(The Center Square) — Lawmakers on the Senate and House Education Committees agree teachers in Arkansas should get a pay rise, but how much is still up for debate.
The Education Committees met together Monday to discuss the issues raised in the 2022 Adequacy Report. Teacher salaries surfaced during the meeting.
Some members said the minimum salary should be raised to $40,000, while others called for starting salaries to be increased to $46,000.
Law 170 of 2019 mandates minimum salaries of $33,800 for teachers with no experience. According to the Arkansas Senate, the median minimum salary in 2021 was $35,799.
Sen. Linda Chesterfield, D-Little Rock, said she believes $40,000 isn’t enough, adding that Mississippi has announced it will raise the minimum salary for teachers to $41,500.
“If we just go to $40,000, I’ll still go across the bridge and make more money in Mississippi and probably Louisiana, Oklahoma and the surrounding areas,” Chesterfield said. “We’re proud to be at least in the median of the southern states.” She added, “It’s a step in the right direction, but it scares me a lot that we’re starting at the bottom.”
According to the Arkansas Senate, average teacher salaries in Arkansas ranked 47th nationwide in 2020, up from 44th in 2018.
Sen. Missy Irvin, R-Mountain View, chair of the Senate Committee on Education, said she is willing to take an approach similar to that in Tennessee and Louisiana.
“What they have is a differentiated pay plan, and I think that’s really what I’m looking for,” Irvin said. “It gives them the tools to go and get what they need. So if they need to increase the salary of a physics teacher because they can’t find a physics teacher, that gives them the opportunity to do so. Because they must have a physics teacher, they may have to pay that one position more to get what they need to get certified teachers in the classrooms. For me it’s something that I look at and create with great interest.”
Ivy Pfeffer, the Arkansas Department of Education deputy commissioner, said Tennessee legislated that a district’s pay scale must include at least one additional component, including assuming additional roles or responsibilities, hard-to-fill schools or departments, or performance based on by the State authority approved criteria.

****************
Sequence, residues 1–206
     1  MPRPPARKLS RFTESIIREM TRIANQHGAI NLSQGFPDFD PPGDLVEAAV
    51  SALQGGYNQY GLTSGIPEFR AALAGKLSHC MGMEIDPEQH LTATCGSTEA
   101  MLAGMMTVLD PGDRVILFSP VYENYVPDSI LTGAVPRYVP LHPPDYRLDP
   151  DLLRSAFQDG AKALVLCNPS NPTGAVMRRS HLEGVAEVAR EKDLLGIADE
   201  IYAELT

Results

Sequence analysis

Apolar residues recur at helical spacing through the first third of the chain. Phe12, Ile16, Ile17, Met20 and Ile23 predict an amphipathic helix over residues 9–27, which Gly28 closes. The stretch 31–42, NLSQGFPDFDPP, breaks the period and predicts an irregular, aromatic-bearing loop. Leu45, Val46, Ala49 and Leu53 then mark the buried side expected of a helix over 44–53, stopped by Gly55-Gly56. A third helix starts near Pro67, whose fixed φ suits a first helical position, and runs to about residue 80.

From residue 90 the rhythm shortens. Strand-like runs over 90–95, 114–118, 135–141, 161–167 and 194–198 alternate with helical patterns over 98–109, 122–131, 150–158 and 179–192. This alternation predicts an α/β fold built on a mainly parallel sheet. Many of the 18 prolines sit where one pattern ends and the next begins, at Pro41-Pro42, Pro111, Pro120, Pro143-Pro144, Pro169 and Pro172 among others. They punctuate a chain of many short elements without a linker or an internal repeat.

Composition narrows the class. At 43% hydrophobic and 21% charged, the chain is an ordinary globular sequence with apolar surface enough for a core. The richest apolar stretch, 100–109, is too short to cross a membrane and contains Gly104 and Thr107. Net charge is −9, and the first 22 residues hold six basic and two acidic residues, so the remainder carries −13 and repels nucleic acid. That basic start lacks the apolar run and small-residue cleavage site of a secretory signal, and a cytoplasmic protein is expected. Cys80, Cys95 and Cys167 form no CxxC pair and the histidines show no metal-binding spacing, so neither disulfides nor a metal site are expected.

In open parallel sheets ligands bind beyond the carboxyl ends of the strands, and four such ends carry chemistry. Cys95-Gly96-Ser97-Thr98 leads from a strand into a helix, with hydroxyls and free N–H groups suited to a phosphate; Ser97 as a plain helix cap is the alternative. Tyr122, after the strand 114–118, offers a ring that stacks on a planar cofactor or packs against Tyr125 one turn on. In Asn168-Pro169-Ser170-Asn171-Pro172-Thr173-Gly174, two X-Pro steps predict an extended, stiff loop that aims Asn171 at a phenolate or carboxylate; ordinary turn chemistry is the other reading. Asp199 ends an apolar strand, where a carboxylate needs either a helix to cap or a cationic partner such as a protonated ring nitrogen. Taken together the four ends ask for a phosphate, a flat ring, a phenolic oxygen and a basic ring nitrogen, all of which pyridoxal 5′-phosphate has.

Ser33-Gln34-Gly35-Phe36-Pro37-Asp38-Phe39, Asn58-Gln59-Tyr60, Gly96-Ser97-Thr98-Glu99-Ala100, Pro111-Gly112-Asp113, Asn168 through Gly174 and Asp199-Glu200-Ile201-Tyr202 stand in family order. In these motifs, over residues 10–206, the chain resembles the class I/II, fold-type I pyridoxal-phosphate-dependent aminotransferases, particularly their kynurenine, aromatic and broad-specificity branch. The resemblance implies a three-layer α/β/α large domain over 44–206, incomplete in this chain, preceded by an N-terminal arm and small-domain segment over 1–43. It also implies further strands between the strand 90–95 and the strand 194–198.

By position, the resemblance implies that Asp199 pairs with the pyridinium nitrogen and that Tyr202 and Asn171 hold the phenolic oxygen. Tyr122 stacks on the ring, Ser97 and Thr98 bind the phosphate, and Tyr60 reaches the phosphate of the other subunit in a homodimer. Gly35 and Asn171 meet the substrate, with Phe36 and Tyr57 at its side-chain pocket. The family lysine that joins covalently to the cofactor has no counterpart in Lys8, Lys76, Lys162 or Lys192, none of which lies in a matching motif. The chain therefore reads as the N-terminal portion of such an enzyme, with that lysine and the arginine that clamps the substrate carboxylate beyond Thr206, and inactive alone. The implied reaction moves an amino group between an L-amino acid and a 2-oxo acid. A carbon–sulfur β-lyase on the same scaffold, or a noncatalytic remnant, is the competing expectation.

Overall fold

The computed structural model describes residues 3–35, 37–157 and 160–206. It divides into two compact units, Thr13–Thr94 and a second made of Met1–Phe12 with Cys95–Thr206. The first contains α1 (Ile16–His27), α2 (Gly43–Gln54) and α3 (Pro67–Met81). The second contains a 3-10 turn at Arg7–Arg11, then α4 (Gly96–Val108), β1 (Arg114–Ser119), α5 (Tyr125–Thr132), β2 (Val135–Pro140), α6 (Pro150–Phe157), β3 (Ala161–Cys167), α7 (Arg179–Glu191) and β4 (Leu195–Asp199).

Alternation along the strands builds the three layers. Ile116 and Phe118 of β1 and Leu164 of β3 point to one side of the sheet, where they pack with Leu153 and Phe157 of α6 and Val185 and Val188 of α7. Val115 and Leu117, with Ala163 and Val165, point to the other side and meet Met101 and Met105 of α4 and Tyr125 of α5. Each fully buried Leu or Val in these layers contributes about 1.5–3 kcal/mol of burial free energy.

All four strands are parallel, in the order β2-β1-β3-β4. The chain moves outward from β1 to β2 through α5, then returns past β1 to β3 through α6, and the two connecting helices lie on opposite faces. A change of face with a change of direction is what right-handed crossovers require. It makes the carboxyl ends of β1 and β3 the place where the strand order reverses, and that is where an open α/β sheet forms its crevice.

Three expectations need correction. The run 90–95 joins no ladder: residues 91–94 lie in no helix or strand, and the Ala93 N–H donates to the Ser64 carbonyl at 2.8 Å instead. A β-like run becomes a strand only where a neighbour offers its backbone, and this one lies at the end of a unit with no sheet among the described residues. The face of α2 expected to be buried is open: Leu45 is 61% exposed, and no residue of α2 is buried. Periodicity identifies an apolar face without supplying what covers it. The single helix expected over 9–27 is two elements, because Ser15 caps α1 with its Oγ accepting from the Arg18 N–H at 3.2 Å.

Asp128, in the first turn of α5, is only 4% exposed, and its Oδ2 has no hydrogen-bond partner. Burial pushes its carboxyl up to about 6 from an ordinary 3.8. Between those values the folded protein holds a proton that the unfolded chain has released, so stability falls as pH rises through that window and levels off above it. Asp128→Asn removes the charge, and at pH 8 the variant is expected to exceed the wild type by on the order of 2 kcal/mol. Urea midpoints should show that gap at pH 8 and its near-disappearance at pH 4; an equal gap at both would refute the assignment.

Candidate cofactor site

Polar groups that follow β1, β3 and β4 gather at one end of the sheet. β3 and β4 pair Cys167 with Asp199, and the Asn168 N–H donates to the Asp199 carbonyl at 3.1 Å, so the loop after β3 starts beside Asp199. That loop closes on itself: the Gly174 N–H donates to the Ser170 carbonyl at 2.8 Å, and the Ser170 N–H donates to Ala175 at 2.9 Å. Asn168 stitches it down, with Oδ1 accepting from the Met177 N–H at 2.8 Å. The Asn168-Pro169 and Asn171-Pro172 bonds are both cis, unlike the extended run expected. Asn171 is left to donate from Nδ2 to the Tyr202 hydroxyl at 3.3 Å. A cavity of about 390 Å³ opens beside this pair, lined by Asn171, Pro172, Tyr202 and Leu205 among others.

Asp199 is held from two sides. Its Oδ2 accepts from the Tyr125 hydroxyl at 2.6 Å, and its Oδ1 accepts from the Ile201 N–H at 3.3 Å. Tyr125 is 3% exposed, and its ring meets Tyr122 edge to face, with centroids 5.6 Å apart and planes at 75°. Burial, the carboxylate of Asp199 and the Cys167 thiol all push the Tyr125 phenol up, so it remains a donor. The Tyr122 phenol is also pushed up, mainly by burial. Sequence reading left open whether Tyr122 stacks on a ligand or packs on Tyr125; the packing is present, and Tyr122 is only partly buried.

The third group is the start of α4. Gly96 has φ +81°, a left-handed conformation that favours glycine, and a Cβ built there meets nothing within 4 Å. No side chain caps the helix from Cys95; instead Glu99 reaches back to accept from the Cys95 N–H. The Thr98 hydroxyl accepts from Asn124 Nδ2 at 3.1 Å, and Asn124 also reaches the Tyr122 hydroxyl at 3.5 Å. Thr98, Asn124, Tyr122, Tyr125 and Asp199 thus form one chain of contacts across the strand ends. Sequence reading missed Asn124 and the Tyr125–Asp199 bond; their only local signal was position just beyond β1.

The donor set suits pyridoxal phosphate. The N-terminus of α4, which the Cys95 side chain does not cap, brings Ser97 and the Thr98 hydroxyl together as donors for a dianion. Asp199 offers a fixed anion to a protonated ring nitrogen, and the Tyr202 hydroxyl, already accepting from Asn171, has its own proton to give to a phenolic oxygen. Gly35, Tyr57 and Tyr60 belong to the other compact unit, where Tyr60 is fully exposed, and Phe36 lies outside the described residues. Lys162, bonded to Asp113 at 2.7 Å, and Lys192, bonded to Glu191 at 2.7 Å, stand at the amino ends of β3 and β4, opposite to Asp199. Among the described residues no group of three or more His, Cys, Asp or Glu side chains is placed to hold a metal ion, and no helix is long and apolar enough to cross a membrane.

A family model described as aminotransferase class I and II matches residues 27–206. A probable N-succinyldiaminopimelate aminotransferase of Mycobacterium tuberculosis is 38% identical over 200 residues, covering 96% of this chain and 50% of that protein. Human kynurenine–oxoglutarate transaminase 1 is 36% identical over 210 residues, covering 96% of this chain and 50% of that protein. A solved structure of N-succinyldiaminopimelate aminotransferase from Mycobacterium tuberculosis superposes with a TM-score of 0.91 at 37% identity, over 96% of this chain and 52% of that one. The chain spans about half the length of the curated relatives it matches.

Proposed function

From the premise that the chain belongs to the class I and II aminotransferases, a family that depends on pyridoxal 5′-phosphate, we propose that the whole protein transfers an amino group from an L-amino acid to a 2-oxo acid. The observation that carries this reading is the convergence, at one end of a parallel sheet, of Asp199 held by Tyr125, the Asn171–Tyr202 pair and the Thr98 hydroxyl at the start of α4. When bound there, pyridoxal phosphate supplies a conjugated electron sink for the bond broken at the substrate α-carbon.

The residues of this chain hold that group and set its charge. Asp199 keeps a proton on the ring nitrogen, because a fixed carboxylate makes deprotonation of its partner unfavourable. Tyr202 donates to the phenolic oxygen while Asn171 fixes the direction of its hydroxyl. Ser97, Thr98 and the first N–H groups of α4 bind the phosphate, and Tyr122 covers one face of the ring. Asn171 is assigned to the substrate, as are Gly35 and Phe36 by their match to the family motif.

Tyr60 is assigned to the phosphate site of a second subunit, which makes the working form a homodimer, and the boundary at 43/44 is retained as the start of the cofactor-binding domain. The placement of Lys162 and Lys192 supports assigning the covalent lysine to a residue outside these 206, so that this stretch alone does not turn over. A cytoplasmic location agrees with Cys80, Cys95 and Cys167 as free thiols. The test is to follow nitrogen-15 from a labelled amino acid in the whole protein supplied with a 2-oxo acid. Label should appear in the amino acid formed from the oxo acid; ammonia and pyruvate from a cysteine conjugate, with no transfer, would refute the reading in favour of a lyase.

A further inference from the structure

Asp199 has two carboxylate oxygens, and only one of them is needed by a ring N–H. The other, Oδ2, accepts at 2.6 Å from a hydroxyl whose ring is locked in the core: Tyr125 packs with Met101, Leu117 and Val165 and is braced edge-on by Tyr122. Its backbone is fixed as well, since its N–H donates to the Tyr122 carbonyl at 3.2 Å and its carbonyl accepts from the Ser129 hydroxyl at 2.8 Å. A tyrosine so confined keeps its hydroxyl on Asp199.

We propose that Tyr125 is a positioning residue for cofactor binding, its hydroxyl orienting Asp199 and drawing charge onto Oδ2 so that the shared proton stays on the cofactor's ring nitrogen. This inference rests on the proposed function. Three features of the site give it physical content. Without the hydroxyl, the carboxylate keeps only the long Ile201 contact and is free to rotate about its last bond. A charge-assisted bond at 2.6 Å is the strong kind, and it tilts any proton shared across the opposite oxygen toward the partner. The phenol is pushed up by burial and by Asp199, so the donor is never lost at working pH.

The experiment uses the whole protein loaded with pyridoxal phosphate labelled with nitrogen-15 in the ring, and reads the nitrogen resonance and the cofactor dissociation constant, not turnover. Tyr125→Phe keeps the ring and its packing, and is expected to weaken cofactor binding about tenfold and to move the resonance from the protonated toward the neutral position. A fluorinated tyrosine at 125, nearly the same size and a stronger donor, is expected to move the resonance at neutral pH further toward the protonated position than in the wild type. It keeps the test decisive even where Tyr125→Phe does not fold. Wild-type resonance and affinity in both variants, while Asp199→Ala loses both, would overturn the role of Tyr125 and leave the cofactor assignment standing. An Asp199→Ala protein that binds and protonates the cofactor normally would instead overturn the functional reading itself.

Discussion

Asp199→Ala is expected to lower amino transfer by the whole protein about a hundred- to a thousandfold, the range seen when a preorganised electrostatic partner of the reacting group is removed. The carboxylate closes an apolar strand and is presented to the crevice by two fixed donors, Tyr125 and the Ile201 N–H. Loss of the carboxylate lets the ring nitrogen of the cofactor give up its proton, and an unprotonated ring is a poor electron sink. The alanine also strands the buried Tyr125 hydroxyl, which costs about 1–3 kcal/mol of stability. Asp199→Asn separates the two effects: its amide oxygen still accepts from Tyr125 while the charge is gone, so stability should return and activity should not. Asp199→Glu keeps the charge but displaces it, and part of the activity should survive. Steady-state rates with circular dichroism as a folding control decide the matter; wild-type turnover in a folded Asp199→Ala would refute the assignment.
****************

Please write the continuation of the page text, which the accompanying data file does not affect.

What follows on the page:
“Pay differential is about giving districts the ability to not just pay on a pay schedule based on years of experience or a degree, but to factor in some other factors,” Pfeffer said.
Some lawmakers have expressed concern about paying teachers more for certain subjects. Chesterfield said a differentiated salary approach would mean that some teachers who don’t teach the hard-to-fill subjects would be “devalued”.
The problem of experienced teachers leaving the classroom for higher-paying positions was also discussed.
“That’s one of the things I think we have a problem with is that sometimes your certified teachers leave the classroom and go into another position, maybe in administration or whatever, because they want to make more money. I am not blaming you. But the problem is that we’re kind of backwards,” Irvin said.
A final report with recommendations from the House and Senate Education Committees is due by November 1. The General Assembly will then use the report as a guide when making funding decisions during the next legislature.